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'Occupy Dalal Street' seeks the spotlight

Last updated on: October 31, 2011 11:56 IST

'Occupy Dalal Street' seeks the spotlight

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N Sundaresha Subramanian in Mumbai

A few weeks after its Wall Street counterpart hit the road and the headlines, the 'Occupy Dalal Steet' movement is ready to take off.

Starting this Friday, Prakash Reddy, secretary of the Communist Party of India, plans to occupy Dalal Street accompanied by whoever he manages to woo by then.

Reddy tells Business Standard the movement will focus on two specific demands, apart from opposing the "whole capitalist idea, which has created a system where one per cent exploit the remaining 99 per cent".

The chemical engineer-turned-comrade quotes a report by the Arjun Sen Gupta committee, saying 77 per cent Indians live on less than Rs 20 a day.

"But, the big businesses control the resources and benefit. They take loans and do not repay," says Reddy.

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First, the protesters will seek the confiscation of assets of wilful defaulters in the books of public sector banks.

"According to an RBI report, the amount of NPAs (non-performing assets) in the books of PSU banks is over Rs 3 lakh crore. Most of these loans have been to large companies, which are going scot free. Why aren't their assets confiscated and used for the greater common good?" he asks.

The protesters will also demand action on a letter by former whole-time member of the Securities and Exchange Board of India (Sebi), K M Abraham.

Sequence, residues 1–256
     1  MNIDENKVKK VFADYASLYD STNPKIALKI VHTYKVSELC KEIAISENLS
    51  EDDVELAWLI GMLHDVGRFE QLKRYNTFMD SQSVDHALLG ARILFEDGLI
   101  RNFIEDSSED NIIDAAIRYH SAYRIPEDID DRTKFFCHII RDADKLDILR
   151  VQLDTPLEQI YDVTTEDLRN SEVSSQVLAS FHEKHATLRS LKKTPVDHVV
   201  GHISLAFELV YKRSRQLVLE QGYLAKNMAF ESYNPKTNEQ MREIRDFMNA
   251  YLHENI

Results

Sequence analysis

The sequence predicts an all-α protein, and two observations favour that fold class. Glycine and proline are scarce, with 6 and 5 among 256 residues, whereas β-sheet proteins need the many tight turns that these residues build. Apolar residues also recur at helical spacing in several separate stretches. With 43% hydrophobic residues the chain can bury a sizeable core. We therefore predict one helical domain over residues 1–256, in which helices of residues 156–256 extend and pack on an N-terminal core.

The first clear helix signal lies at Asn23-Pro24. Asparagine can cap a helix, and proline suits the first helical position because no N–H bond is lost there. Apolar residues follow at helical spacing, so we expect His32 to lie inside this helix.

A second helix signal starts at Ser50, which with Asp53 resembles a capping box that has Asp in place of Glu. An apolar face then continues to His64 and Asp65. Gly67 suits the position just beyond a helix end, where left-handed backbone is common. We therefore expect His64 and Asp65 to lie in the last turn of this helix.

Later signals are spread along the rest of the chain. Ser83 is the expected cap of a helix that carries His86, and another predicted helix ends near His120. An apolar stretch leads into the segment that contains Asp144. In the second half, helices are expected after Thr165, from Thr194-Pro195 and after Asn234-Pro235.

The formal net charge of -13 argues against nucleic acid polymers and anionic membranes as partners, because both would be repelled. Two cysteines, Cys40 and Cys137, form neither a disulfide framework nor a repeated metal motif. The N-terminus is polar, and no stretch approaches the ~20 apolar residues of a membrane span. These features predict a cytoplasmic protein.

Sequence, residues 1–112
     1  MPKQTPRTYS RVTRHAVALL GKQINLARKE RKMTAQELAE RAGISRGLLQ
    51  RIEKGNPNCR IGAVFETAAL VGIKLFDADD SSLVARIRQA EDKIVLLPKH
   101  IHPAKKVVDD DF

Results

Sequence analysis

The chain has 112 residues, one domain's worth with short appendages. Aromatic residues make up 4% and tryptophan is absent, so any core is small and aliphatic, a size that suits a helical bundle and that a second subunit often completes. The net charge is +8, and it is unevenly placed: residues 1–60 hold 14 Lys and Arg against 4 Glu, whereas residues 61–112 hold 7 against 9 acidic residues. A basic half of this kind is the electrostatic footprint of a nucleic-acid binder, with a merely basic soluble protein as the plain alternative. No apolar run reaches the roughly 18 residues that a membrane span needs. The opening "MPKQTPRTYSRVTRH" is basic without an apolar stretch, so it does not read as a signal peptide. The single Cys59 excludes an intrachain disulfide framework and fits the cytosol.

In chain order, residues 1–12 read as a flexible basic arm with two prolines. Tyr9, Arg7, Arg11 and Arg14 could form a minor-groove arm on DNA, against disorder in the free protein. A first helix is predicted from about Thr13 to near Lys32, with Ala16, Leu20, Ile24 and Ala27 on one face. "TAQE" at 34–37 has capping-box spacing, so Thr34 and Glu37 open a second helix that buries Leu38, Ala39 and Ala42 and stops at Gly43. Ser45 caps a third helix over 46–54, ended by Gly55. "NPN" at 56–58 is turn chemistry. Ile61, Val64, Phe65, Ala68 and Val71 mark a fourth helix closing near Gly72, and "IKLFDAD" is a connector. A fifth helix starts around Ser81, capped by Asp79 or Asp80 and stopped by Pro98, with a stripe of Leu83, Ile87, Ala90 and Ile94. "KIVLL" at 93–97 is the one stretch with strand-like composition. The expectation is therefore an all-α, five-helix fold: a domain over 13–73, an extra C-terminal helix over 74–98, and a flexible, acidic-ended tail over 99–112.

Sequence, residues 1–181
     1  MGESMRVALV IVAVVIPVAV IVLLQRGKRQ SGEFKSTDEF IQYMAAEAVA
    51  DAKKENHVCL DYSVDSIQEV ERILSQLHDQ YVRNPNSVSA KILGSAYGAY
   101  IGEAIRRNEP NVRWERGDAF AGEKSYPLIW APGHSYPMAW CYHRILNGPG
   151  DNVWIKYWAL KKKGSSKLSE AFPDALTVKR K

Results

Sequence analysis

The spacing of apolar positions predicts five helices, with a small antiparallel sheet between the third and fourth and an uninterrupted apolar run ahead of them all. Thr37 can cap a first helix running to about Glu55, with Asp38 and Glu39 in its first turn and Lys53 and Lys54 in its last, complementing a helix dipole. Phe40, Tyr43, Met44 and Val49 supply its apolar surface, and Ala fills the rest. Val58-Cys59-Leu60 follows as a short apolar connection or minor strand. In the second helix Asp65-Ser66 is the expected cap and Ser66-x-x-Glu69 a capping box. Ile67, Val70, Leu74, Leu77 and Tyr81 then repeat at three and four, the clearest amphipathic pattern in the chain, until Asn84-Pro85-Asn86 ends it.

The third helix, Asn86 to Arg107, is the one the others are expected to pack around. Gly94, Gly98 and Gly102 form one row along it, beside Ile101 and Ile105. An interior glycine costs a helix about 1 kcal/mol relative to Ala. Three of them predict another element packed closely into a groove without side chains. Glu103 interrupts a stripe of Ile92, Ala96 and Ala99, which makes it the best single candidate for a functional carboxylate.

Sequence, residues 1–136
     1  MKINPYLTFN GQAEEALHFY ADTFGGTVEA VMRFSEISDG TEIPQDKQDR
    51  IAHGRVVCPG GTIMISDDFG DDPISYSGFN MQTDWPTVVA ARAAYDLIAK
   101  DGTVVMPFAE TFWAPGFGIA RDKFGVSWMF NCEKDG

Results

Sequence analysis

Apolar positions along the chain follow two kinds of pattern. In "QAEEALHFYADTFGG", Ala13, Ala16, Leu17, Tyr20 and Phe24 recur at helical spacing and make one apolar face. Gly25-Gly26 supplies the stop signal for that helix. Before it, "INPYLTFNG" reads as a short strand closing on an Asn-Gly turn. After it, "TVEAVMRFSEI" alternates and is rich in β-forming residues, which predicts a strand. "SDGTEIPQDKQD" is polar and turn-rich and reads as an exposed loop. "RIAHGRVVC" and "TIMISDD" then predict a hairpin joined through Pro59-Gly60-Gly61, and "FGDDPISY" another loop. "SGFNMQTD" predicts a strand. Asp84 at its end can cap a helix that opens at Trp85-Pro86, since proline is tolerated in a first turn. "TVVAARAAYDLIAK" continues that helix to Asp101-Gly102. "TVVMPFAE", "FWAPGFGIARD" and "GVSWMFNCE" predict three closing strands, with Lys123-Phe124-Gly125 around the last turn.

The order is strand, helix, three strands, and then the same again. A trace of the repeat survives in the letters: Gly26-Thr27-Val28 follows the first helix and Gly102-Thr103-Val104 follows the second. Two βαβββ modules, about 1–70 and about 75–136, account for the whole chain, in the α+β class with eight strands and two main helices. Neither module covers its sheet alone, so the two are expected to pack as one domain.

"The Prime Minister knows what is happening in Sebi. But, he is not taking action. He is letting large corporates influence the regulator through politicians," says Reddy.

A month and a half before he demitted office, Abraham wrote a letter to the Prime Minister, alleging pressure from finance minister Pranab Mukherjee and his advisor Omita Paul to "manage" cases against powerful corporate groups being investigated by Sebi.

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"We will go there and not leave unless our demands are met," says Reddy. Though Reddy himself is upbeat, it is not clear what kind of support he will be able to garner for these protests, seen largely as tokenism even in the West where they originated.

People who know Reddy vouch for his credibility as a man committed to his values. Reddy's Facebook page lists him as a "professional revolutionary".

Despite having a BTech in chemical engineering from IIT Bombay, he did not look for any corporate job.

"Why should I sell my mind to any capitalist?" So, how does he make a living? "In the communist party, we have to bring our own money," he laughs, adding, "My wife is kind. She has not kicked me out of the house."



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Source: source